Berkshire ski resorts expand, diversify, and strive to thrive
Ski Butternut in Great Barrington
Photo: Courtesy of Butternut
Dick McCann learned to ski on the slopes of Blandford Ski Area in the early 1950s. He and his family were members of the former Springfield Ski Club, a group that maintained a mountain accessible only by rope tows, without snowmaking capabilities, and fewer than ten trails. McCann recalls that grooming was done by the members and, on days after a heavy snow, the lifts would not turn until a few brave souls ventured up the hill and boot-packed some of the terrain to make it skiable.
Over the years, skiing has become a veritable way of life for many who flock to the Berkshires come winter, and McCann—who hails from Westfield—is no stranger to the industry. Today, in his 50th year of affiliation with the ski area where he met his wife and taught his three children to ski, McCann sits at the helm of Ski Butternut in Great Barrington, a burgeoning resort whose parent company, Ski Butternut, Inc., is making a real business of skiing. In fact, owner Jeffrey Murdock—whose parents, Channing and Jane, opened Butternut Basin on Christmas Eve in 1963—has just acquired Blandford Ski Area, the very location, McCann says, “that created my love for the industry—and served as the jumping-off place for my career.” He is in his fourth season as general manager. The newly rebranded Ski Blandford is the third in a trio of ski areas being run by Ski Butternut whose partnering with Otis Ridge, as a majority owner, occurred in the spring.
So, what’s an inch of snow worth when it comes to the business of skiing?
“That’s not a germane question,” explains McCann, “because you can make an inch of snow one day when it’s eight degrees with low humidity and no wind and it would cost very little. That same inch, in 28 degrees with high humidity, would cost a great deal to make and have a much different consistency.”
Which, perhaps, is the real gist of this business: It is not only inconsistent, it is wholly unpredictable.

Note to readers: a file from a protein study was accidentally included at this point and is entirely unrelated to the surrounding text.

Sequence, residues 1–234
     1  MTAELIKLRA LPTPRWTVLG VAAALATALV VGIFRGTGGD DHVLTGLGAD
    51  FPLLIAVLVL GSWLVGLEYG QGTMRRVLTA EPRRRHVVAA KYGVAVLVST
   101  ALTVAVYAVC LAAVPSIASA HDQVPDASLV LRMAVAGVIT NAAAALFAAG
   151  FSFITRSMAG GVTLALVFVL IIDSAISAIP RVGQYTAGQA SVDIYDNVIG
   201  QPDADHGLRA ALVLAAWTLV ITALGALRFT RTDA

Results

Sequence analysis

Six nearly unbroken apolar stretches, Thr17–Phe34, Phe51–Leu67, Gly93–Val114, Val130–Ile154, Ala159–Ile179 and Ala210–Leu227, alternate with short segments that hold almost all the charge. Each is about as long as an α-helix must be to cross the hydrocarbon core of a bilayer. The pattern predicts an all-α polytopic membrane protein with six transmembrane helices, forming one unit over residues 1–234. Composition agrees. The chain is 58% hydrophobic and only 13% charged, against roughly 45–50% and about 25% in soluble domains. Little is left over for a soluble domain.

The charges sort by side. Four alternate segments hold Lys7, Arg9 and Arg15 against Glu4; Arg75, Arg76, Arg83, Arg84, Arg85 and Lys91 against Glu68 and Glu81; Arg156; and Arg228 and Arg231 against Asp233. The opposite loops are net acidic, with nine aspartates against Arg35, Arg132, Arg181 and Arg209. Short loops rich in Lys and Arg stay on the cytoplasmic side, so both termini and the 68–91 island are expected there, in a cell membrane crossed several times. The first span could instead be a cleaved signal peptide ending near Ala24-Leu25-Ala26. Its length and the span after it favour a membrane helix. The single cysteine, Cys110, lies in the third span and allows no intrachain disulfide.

“We are totally at the mercy of Mother Nature,” says Sherry Roberts, owner of Bousquet Ski Area in Pittsfield. The weather and the three winter-holiday weeks have the power to dictate the success of any given ski season. Peak periods—between Christmas and New Year’s, the Martin Luther King Jr. long weekend, and President’s Week (traditionally school vacation)—are invaluable to skiing businesses in the Berkshires. “It’s like farming: seven days a week, dependent on Mother Nature, hard work, and very few free moments.”
In and around Berkshire County, there are more than 800 acres of skiable terrain among six ski areas. But snow on the slopes is just part of the equation. “If people don’t see snow in their own backyards, they are going to stay home,” says Jamie Carr, business manager and part owner at Otis Ridge Ski Area.
So, it’s not just skiing that lures visitors.
Eric Van Ostveen, GM at Otis Ridge, points to other attractions like the addition of multi-lane snow-tubing centers, accessible by a magic carpet to ward off exhaustion, and après-ski enhancements like outdoor firepits, rustic bars, and fireside dining.
At Jiminy Peak Mountain Resort in Hancock, visitors can take a ride to the summit on the Berkshires Express, Berkshire County’s only six-passenger, high-speed chairlift and the closest one can get to Vermont-level amenities without crossing the border.
A good season often leads to facility upgrades. At Berkshire East Mountain Resort in Charlemont, area manager Jonathan Schaefer says two new trails off the north side of the mountain will retain a lot more snow. At Bousquet, improvements have been made to the chairlift and lighting. The Grouse House Restaurant and Inn—owned and operated by Otis Ridge—was completely gutted and the kitchen and dining room totally redone. The renovations were aimed at bringing the slope-side ski chalet up to par for year-round dining and functions.
Come spring, “almost all the local ski areas have diversified into the summer business or event hosting,” says Roberts. Jiminy Peak installed the first Alpine Super Slide in the nation in June 1977. Since then, facilities have been upgraded to include an Aerial Adventure Park as well as a Mountain Adventure Park. Bousquet offers a slew of family activities from waterslides and disc golf to a climbing wall and go-karts.
At Berkshire East, the Schaefer family added the Thunderbolt in 2014, North America’s longest mountain coaster. They continue to drive the local economy by building wind turbines and solar arrays and operating zip-line canopy tours. Catamount in Hillsdale, New York, boasts an extended season “in the trees,” Otis Ridge becomes a garden center, and Ski Butternut hosts an annual art show and summer concert series.
In a weather-dependent industry whose most reliable factor is unpredictability, “it’s very important that ski areas are part of the local tourism year-round,” says Roberts.